‘She asked to borrow my husband for a fetish party. Of course I said yes’
It was the week before I was due to give birth to our first child that I got the call (Helena Frith Powell writes). “My date has pulled out of the party,” wailed my best friend. “Please, please lend me your husband.”
The party in question was something called the Rubber Ball, where people dress up in excessively kinky clothes and wander around looking at other people trying to outperv them. They wear rubber at best, and at worst
strange contraptions that double as instruments of torture. My best friend, who was single at the time, was in what I would call an experimental phase of her life. And now she wanted to involve my husband.
Like Mariella Frostrup I was born in Scandinavia, so maybe the loaning out of spouses is a bit of a Scandie thing. I didn’t recoil in horror. In fact, my first thought was “Heavens, what on earth will he wear?”
On the face of it, lending your husband to your best friend sounds like a good idea. Why should it be any more complicated than lending out your car or a pair of jeans? A friend in need and all that. I asked my husband if he’d like to go and rather too quickly he said yes. I guess hanging around the house with a heavily pregnant wife who eats only peanut butter is not that exciting.
I told my friend he would be there and asked for the dress code. “Oh rubber, leather, maybe a spiked leather collar, some chains,” she suggested. So my husband and I went shopping for strange clothes. I wonder what the shop assistant thought as this vastly pregnant women picked out a sadomasochistic outfit for her husband.
The big night arrived and off he went wearing faux leather trousers with a chain, a black rubber T-shirt, a spiked collar and cuffs. He looked the part. My best friend came to collect him wearing a leather corset with spikes on the nipples and vertiginous heels .
“Have fun!” I said as they trotted off, and I meant it. I trust my friend and, possibly to a lesser extent, my husband. Anyway they’d soon be spiked to within an inch of their lives if they tried to get close to each other. I waddled off to bed early and woke at midnight.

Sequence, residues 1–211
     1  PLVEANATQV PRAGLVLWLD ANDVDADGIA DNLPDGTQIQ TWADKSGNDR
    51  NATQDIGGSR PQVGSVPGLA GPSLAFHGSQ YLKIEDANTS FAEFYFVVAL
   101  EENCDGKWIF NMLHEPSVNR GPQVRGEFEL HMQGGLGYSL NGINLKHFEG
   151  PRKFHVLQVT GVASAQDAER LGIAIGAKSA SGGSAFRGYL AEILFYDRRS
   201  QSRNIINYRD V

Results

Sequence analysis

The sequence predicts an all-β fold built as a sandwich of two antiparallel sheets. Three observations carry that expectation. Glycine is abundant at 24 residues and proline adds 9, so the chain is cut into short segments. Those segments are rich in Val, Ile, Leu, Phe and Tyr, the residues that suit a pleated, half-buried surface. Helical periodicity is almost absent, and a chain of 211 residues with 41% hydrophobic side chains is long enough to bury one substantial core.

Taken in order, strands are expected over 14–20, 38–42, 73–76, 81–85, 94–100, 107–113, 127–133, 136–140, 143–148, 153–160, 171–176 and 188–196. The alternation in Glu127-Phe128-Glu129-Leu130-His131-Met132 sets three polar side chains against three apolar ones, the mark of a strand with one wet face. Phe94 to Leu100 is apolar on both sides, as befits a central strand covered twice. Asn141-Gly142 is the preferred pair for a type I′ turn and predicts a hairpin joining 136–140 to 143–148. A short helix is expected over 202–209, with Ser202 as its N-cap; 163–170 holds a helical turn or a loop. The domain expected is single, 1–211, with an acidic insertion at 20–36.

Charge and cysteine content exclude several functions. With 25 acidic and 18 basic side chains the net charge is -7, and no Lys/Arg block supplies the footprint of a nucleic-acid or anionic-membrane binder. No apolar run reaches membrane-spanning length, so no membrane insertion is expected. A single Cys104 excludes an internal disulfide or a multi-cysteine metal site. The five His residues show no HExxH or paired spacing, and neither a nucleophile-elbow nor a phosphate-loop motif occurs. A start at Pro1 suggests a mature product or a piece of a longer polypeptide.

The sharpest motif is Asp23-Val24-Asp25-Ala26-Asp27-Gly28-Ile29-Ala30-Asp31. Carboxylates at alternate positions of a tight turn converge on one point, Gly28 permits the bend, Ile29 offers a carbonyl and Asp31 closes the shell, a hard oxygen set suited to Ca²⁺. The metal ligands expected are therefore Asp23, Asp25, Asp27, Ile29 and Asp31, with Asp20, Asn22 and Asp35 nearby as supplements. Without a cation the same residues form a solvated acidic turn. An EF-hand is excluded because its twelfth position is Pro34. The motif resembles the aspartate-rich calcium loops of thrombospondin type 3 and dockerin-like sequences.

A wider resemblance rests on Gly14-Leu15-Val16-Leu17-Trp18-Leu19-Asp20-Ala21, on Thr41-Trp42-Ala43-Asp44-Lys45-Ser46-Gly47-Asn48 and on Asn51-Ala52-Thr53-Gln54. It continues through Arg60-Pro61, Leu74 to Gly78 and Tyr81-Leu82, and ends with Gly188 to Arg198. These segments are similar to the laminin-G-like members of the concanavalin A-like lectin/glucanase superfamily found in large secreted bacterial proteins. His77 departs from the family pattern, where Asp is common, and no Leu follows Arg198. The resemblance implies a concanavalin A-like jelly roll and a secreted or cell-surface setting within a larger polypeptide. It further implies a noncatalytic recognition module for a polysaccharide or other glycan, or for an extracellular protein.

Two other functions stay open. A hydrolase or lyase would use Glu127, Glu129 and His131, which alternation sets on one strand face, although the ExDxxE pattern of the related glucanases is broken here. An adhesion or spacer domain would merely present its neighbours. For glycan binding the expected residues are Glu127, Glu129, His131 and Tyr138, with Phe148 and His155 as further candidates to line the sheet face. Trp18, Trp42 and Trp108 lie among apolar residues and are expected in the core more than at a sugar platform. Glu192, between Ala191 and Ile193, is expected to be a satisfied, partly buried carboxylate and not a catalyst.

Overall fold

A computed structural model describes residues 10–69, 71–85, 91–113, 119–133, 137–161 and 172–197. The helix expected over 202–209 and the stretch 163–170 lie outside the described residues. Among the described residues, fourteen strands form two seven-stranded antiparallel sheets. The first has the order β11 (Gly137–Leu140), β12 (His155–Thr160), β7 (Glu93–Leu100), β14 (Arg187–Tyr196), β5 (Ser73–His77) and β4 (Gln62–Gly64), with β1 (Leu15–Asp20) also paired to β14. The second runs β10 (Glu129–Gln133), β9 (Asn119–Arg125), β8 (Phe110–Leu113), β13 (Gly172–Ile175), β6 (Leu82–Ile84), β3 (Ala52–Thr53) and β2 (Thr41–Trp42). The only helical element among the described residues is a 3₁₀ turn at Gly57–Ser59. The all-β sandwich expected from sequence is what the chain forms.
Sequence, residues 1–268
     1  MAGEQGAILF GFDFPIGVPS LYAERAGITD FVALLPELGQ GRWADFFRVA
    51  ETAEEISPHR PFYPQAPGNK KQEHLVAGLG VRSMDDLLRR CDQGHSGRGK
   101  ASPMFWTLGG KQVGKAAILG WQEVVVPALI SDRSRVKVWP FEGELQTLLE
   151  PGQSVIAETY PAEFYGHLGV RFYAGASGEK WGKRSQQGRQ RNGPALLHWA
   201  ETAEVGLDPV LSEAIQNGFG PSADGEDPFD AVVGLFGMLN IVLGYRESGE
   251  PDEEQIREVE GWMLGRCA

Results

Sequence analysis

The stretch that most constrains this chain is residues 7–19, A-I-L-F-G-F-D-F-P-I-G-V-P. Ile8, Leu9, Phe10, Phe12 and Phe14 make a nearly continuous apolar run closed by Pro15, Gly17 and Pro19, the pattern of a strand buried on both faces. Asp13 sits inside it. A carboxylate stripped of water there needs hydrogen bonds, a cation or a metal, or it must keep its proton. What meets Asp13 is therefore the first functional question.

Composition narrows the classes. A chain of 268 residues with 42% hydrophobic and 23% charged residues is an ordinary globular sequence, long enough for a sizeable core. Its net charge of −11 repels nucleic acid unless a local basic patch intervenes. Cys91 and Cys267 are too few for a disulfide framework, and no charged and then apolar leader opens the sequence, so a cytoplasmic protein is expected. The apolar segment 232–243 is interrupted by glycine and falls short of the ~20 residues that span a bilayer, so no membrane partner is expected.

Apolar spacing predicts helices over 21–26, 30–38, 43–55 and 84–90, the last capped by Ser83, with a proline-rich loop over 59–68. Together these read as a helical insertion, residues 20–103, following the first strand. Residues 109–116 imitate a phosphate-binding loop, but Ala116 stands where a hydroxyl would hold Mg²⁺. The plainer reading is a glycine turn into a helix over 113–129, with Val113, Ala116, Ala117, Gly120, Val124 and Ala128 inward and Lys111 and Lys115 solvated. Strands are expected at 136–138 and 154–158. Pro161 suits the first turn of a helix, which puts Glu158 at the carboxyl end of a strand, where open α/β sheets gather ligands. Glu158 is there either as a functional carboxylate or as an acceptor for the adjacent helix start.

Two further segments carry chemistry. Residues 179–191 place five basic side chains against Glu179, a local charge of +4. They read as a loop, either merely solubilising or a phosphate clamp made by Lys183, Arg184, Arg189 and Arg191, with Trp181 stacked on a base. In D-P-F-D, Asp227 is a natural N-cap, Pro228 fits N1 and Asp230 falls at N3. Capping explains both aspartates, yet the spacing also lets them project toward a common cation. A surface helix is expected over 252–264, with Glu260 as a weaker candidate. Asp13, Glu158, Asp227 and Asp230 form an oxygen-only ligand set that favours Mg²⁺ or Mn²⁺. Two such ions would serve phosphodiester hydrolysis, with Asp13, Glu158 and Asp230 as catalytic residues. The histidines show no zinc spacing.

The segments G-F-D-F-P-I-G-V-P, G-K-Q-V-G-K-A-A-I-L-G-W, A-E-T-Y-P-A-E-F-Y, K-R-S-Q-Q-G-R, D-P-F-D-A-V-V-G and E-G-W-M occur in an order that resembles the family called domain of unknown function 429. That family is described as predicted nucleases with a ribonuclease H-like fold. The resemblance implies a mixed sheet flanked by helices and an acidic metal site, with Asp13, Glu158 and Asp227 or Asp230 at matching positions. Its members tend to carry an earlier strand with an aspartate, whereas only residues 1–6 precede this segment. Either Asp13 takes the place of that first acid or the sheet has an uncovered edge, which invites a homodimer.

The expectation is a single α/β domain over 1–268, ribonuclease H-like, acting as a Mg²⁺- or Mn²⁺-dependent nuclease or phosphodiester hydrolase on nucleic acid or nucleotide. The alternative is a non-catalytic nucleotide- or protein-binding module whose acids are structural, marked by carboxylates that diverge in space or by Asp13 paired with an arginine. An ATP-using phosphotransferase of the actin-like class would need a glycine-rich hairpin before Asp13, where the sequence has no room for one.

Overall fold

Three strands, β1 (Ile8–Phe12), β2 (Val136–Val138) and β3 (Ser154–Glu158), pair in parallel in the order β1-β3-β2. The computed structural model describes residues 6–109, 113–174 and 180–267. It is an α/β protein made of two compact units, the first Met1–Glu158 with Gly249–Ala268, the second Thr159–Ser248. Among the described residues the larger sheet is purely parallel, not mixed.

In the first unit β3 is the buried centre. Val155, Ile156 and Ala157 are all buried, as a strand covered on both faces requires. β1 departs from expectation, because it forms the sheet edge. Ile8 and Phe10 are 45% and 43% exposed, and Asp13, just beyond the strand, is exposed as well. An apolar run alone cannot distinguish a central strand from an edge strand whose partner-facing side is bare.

There was no sign of my husband. I briefly wondered if perhaps my friend had taken her experimental phase a step too far. But happily I fell asleep soon after, and by the time I woke up in the morning he was next to me, his studded collar and cuffs discarded on the floor.
I have also been the one to be loaned. A friend’s husband had been given two tickets to Glyndebourne. She has no interest in opera, and she knows I love it, so it seemed like a no-brainer to ask me to go in her place. Well, up to a point. I felt uncomfortable for most of the evening. For a start, I didn’t know him very well; added to which, he was quite attractive.
There I was, in the most romantic setting, drinking champagne, watching an opera about passion and longing, all with the husband of a very good friend. I found myself avoiding eye contact and being careful not to say anything that might be seen as flirtatious. Happily we both made it home with our virtue intact and I have since laughed about it with my friend, but it didn’t make me keen to want to repeat the exercise.
Another friend of mine wasn’t so chaste. Laura (not her real name) ended up on a skiing holiday with the husband of a friend of hers and his two small children. The husband is a passionate skier and was desperate for his children to learn the sport from an early age.
His wife hates skiing and he didn’t fancy a “holiday” with two small children alone. So they invited Laura, a mutual friend who adores skiing. She got a free holiday for her and her five-year-old daughter in return for helping with his kids. Laura’s husband stayed at home to work, but didn’t object. A free skiing holiday is not to be sniffed at, even if you can’t go.
When Laura got home, she told me how everything changed dramatically once they got to Italy. It had occurred to her that it might be slightly dodgy going off on holiday with a friend’s husband, but she thought she was mature enough to handle it. In fact, on the flight out there, she congratulated herself on not fancying him at all.